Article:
Stand up and be proud

Marlborough Express - The Saturday Express, Marlborough - - YOUR LOCAL NEWS - HANS NEIL­SON

OPIN­ION: Blog­gers and pun­dits take aim and ask, is Blen­heim dy­ing? Jokes about the big lights of Blen­heim are abound. We’ve all heard them. If you lis­ten to the naysay­ers, we’ve tried it all be­fore, noth­ing works. So what, time to just throw in the towel?

I’m not sure what it even means to say Blen­heim is dy­ing? Marl­bor­ough’s near 50,000 heart­beats are work­ing, grow­ing, liv­ing, and play­ing in this place we call home. As long as they are, there is hope.

Marl­bor­ough is a glob­ally recog­nised brand. Menus across the world boast our re­gion’s wine. Our seafood is sec­ond to none and were pretty much the def­i­ni­tion of a pic­turesque land­scape. Just ask Sir Peter Jack­son. Plus all the sun­shine.

Heard of Sir Earnest Ruther­ford and Wil­liam Pick­er­ing? Just two of the long list of amaz­ing Marl­buri­ans. We have busi­nesses, mar­kets, fes­ti­vals, world class fa­cil­i­ties like the ASB Theatre. Our res­tau­rants re­ceive na­tional ac­claim as they keep our arts, food, and cul­ture the envy of much of the coun­try.

Sounds quite lively for a dy­ing town. De­spite these, and many other ac­com­plish­ments, we con­tinue to en­ter­tain that Blen­heim, and Marl­bor­ough as a whole, is noth­ing that spe­cial, and never will be.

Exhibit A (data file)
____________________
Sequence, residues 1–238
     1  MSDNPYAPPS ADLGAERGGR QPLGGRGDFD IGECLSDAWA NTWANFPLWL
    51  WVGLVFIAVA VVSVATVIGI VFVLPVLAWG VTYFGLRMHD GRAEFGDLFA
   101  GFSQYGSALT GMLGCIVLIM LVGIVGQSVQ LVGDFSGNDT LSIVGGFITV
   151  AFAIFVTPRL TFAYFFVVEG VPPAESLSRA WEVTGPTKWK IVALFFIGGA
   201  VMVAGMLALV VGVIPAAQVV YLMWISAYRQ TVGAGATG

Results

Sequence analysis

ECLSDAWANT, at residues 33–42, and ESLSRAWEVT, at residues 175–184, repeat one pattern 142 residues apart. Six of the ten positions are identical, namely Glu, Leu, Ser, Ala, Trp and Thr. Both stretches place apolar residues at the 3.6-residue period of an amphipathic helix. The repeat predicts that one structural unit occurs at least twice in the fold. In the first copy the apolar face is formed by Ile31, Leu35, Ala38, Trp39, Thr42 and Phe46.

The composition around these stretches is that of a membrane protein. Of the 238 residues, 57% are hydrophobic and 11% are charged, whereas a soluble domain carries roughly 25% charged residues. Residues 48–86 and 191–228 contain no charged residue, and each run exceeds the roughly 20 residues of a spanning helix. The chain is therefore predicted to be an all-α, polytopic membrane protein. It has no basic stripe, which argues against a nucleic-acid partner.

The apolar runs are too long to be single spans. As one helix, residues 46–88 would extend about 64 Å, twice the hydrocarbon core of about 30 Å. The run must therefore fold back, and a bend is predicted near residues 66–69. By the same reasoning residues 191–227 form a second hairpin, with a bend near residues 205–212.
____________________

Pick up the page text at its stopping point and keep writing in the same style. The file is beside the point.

‘‘De­spite be­ing vi­brant and ex­plo­rative peo­ple, we down­play our­selves as in­signif­i­cant and back­ward.’’

What if the miss­ing in­gre­di­ent is pride and be­lief in our­selves? What if it feels like we al­ways fail be­cause we ig­nore all the times we suc­ceed?

A pos­i­tive men­tal at­ti­tude is key to suc­cess, ask any ath­lete. So why the cloud of neg­a­tiv­ity?

Is this a dreary self-ful­fill­ing prophecy? Who wants to achieve when no­body will ac­knowl­edge our achieve­ments?

De­spite our suc­cesses of our re­gion, we treat them as sec­ond-class. De­spite the cut­ting-edge ac­com­plish­ments of our busi­nesses, we joke we’re stuck in the dark ages. De­spite be­ing vi­brant and ex­plo­rative peo­ple, we down­play our­selves as in­signif­i­cant and back­ward.

We’re will­ing to try al­most any­thing. Why won’t we try recog­nis­ing our strengths and ac­com­plish­ments? What if ev­ery­one be­came a hype-per­son for Marl­bor­ough?

We must stop telling our stu­dents that their home­town is a hin­drance to their fu­tures. We must stop telling our peo­ple that Marl­bor­ough is dead.

This isn’t to say that we don’t have our share of prob­lems. But we also have our share of so­lu­tions and lead­ers ready to roll up the sleeves and in­vest the time to make them work. If we start to cel­e­brate our peo­ple’s achieve­ments and con­tri­bu­tions, more will be will­ing to step up.

So I chal­lenge my fel­low Marl­buri­ans. Let’s put a lid on the pes­simism. Don’t open your mouth with a prob­lem un­less your ready to seek so­lu­tions. Choose not to fin­ger point, but in­stead look for hope.

Find a way to be an am­bas­sador, and get on board with the good, ex­cit­ing things our re­gion is do­ing. Even if you’re chat­ting to some­one at the gas sta­tion, that’s your mo­ment. Do your bit to make Marl­bor­ough bet­ter for the next gen­er­a­tion.

The fu­ture of Marl­bor­ough is still an open book. Choose op­ti­mism, what do we have to lose af­ter all?

SUP­PLIED

Marl­bor­ough Cham­ber of Com­merce gen­eral man­ager Hans Neil­son.

Newspapers in English

Newspapers from New Zealand

© PressReader. All rights reserved.